Image credit: Roscosmos


Russia’s Roscosmos space agency has approved the preliminary design of the country’s orbital station, planned to be deployed in the 2027-2032 time period.

The orbiting facility features an open modular architecture, involving a node module with six docking ports to which other modules are connected. Those segments can be removed from orbit and replaced.

“With proper logistics, the service life of the station can be extended for decades, as needed,” according to a Roscosmos communiqué.

Image credit: Roscosmos

A matter of inclination

The orbiting complex would be placed in polar orbit of up to 97 degrees inclination. In contrast, the International Space Station has an orbital inclination of less than 52 degrees.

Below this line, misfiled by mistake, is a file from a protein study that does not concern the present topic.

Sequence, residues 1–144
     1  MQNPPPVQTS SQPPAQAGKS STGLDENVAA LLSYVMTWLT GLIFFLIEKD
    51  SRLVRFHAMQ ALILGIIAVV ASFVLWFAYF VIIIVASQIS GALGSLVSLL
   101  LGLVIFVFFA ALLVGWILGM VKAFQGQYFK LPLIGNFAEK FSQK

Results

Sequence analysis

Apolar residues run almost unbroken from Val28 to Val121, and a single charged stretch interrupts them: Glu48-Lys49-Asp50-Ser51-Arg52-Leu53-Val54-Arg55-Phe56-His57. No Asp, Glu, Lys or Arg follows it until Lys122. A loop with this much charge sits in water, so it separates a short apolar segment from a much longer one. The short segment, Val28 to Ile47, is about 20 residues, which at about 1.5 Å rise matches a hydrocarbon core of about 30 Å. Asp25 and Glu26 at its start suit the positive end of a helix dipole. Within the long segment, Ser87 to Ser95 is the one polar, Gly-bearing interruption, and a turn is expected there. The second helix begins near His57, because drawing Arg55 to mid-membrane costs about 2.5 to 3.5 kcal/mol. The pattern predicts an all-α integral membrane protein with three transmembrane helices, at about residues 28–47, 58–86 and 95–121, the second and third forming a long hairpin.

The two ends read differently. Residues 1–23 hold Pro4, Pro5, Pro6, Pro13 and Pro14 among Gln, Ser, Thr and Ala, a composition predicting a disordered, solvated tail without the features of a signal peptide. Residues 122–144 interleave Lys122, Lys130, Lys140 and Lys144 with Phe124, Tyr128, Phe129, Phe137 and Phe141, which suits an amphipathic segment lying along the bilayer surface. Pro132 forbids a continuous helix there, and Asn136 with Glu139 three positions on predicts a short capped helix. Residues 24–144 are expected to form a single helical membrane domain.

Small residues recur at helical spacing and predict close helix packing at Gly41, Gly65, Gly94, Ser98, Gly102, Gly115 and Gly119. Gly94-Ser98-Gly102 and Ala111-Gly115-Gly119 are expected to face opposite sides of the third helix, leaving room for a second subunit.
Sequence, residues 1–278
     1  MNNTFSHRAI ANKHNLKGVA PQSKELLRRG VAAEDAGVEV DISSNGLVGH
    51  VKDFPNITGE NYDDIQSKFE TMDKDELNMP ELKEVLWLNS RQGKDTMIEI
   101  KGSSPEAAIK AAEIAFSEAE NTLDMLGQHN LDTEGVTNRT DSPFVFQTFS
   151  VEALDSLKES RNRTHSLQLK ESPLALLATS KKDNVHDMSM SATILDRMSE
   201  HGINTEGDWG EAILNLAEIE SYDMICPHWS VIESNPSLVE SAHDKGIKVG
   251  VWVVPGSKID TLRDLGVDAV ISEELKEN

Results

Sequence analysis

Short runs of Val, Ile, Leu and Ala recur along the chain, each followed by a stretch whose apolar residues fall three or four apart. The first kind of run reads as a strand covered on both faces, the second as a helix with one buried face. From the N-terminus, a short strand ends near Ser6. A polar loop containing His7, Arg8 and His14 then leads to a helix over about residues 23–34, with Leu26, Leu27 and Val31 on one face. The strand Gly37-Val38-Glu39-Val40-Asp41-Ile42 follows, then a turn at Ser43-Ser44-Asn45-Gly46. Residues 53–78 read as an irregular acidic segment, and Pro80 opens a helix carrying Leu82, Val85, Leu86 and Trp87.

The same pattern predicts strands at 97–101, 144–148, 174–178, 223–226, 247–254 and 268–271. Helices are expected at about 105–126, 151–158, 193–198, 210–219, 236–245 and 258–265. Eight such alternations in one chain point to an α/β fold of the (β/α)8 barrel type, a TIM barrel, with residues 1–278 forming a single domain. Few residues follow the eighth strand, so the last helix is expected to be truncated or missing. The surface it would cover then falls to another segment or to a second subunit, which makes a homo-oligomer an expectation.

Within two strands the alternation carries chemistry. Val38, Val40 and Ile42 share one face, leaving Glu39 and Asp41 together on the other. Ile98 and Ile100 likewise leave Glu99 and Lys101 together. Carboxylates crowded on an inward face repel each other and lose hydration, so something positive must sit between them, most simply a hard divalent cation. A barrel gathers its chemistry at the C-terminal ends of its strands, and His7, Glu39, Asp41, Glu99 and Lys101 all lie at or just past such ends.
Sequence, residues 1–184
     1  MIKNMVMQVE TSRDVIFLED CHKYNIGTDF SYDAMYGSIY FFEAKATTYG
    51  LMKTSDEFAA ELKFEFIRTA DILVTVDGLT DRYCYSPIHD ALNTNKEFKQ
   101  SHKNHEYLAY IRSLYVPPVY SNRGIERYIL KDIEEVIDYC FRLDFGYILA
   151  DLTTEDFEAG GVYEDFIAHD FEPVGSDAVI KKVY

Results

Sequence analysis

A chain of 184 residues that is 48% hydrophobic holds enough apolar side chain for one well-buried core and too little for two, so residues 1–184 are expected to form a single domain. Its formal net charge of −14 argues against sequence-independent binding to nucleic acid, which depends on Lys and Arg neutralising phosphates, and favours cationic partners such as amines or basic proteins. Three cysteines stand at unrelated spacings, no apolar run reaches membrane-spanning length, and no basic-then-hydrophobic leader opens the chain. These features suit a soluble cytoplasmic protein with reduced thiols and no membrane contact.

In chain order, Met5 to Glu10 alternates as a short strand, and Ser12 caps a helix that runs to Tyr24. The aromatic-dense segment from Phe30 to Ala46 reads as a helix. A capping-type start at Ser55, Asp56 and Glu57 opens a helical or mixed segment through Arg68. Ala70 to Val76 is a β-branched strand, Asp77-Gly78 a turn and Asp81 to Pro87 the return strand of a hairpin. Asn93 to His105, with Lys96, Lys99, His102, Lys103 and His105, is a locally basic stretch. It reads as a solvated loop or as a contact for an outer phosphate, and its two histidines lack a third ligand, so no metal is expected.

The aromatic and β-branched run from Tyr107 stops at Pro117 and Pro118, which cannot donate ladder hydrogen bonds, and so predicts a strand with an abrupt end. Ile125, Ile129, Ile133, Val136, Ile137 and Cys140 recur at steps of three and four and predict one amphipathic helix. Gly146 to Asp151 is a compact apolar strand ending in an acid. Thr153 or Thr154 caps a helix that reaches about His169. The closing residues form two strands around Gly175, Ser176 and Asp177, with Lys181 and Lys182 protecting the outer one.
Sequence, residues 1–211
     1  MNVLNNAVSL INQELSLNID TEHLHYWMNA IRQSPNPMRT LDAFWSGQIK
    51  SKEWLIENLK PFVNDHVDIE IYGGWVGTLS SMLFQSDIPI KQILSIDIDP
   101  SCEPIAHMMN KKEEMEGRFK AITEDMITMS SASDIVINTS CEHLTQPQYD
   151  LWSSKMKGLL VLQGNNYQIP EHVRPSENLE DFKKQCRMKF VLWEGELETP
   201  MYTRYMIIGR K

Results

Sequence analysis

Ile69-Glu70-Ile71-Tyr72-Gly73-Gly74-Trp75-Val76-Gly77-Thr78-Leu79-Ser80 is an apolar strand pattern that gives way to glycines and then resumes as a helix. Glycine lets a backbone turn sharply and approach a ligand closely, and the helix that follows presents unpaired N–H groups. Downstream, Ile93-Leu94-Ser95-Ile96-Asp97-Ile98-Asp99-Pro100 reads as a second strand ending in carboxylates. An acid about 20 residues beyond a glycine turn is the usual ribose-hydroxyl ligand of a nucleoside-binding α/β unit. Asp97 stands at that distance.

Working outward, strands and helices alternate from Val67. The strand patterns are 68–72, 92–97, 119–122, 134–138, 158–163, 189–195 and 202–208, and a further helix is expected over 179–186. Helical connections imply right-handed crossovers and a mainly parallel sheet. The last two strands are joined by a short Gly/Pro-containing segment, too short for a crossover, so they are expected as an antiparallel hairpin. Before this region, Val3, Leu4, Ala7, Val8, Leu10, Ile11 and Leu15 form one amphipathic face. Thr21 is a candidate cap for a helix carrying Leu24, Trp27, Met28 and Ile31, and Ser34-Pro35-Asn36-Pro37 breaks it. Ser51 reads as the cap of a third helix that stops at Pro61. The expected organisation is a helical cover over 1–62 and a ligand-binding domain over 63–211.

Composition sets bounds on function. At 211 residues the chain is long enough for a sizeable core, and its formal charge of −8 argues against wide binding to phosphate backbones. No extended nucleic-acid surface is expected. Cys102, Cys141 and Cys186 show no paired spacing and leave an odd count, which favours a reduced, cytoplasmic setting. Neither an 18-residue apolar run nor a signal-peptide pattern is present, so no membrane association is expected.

Roscosmos explains that by placing the facility into that orbital inclination, the station obtains an overview of the entire Earth’s surface, including the Northern Sea Route, which is strategically vital for Russia.

Russian cosmonauts stationed on the ISS can see about 60% of the Earth’s surface, of which only about 10% is the territory of Russia, the Roscosmos posting adds.

Roscosmos cosmonaut during space walk outside the International Space Station.
Image credit: NASA/ESA

Radar system

One central advantage of the Russian facility is high energy, which will allow testing of technologies “that is in demand in our astronautics, for example, radars and high-power antenna systems.”

Unlike the ISS, the new Russian station would be able to operate in “visiting mode” – without the constant presence of a crew, explains the posting on the official Telegram channel of the Roscosmos State Corporation.

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